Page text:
“After sampling sixteen cheeses and beer brewed by eight London brewers — those were the days — ‘there followed a “Ploughman’s Lunch” of cottage bread, cheese, lettuce, hard-boiled eggs, cold sausages, and, of course, beer’.”

Rationed between 1942 and 1954, cheese’s natural relationship with beer had been severely damaged and sales of the dairy product were in the doldrums. Once rationing was over, the Cheese Bureau was set up ‘for the admirable purpose of popularising cheese and, as a corollary, the public house lunch of bread, beer, cheese, and pickles’, reported the Brewers’ Society’s A Monthly Bulletin in its July 1956 edition. ‘This traditional combination’, it went on, ‘was broken by rationing; the Cheese Bureau hopes, by demonstrating the natural affinity of the two parties, to effect a remarriage’.

The same edition gave an account of a tasting held at the splendidly named Samson and Hercules in Norwich, a dancehall rather than a pub, at which the writer and broadcaster, Adrian Bell, ‘made a spirited plea for the ‘auld alliance’ of beer and cheese’. He went on to tell of a pub near where he lived where ‘all you need say is, ‘Ploughboy’s Lunch, Harry, please’. And in a matter of minutes a tray is handed across the counter to you on which is a good square hunk of bread, a lump of butter and a wedge of cheese, and pickled onions, along with your pint of beer. Ploughboy’s Lunch, that’s called – remember those words: they stand for something pretty good’.

The following year, in its June 1957 edition, A Monthly Bulletin reported on a much grander tasting, organised by the Cheese Bureau and the Brewers’ Society, held at Fishmonger’s Hall in London with five hundred guests in attendance, After sampling sixteen cheeses and beer brewed by eight London brewers – those were the days – ‘there followed a “Ploughman’s Lunch” of cottage bread, cheese, lettuce, hard-boiled eggs, cold sausages, and, of course, beer’. Bell’s ploughboy had clearly grown up in the intervening eleven months.

The report went on in optimistic vein to assert that ‘this is just the sort of light midday meal that one might expect to find in an ordinary public house, where the customers do not wish to spend much time or much money on their lunch, and where the landlord cannot afford a catering staff. Licensed victuallers please note’.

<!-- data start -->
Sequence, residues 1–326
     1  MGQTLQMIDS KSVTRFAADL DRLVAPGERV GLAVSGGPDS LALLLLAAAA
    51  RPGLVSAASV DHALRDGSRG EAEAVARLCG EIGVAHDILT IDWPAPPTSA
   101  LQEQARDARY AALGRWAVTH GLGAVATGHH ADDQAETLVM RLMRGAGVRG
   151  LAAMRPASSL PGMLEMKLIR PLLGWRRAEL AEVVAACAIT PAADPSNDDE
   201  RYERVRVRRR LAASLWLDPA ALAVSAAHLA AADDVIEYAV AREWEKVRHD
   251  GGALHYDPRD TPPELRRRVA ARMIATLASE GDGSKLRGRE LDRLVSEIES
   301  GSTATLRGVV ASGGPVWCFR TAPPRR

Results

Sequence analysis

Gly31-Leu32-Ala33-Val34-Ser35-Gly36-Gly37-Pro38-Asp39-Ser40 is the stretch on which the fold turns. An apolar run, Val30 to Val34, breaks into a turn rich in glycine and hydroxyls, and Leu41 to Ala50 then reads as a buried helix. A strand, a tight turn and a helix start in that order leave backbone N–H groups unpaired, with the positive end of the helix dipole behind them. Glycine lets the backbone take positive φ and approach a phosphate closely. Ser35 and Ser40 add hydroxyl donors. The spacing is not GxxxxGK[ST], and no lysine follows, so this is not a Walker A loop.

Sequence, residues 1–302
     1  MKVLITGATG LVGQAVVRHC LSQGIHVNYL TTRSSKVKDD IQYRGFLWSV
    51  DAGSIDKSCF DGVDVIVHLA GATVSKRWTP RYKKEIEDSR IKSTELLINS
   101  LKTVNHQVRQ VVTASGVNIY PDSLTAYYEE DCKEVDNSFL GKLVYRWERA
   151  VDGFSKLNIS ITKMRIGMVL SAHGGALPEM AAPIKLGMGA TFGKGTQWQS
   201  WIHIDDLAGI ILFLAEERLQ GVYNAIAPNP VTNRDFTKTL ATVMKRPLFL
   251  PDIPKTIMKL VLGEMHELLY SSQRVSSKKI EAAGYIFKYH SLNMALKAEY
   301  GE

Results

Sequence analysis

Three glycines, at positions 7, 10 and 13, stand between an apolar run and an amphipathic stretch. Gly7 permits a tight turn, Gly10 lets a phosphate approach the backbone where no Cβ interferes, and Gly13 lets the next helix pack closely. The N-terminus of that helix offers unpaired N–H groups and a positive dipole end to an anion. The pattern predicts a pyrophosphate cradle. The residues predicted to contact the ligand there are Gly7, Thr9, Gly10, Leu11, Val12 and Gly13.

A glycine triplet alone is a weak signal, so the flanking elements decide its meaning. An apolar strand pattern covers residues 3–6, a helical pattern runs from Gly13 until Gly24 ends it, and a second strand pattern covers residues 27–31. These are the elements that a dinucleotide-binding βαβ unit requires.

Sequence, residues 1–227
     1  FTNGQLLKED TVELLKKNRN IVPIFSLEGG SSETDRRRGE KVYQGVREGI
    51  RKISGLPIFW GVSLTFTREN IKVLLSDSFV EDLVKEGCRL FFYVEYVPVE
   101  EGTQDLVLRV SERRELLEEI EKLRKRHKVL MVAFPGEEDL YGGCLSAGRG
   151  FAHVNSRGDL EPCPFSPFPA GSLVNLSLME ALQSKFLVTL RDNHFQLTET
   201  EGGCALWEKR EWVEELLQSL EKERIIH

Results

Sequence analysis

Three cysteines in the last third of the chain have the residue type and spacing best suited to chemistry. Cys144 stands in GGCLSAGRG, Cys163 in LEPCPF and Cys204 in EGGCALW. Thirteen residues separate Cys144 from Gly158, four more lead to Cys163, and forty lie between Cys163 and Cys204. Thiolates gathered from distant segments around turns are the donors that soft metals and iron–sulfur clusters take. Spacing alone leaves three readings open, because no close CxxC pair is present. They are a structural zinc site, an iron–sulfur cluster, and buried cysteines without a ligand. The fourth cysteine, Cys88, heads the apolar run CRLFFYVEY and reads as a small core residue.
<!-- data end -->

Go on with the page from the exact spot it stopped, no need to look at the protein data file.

Publicans did begin to take note, but it took a concerted publicity campaign over the next few years to re-establish the connection between cheese and beer and to associate the name of a ploughman’s lunch with the meal. Events were held around the country to promote the delights of English cheese and its pairing with beer. Newspaper reports of the events, such as those held in Preston in March 1960 and in Kensington in September 1961, still felt it necessary to explain what was meant by Ploughman’s Lunch. Even pubs had to educate the public. In 1962 a board outside the White Hart in the Sussex village of Catsfield, stated that ‘although lunch is not served, Salads and Ploughman’s lunch – beer and cheese – are always available’.

By the 1970s the ploughman’s lunch was firmly established on the pub menu and was at the height of its popularity. It seemed to fit in with the zeitgeist, appealing to a yearning for a lost and distant past, while pushed for all it was worth by publicans who appreciated the higher profit margins it offered over meals that had to be carefully prepared and cooked. The 21st century version of the meal is a much more elaborate affair, but it is salutary to note that the name, ploughman’s lunch, was cooked up by marketeers rather than handed down the centuries.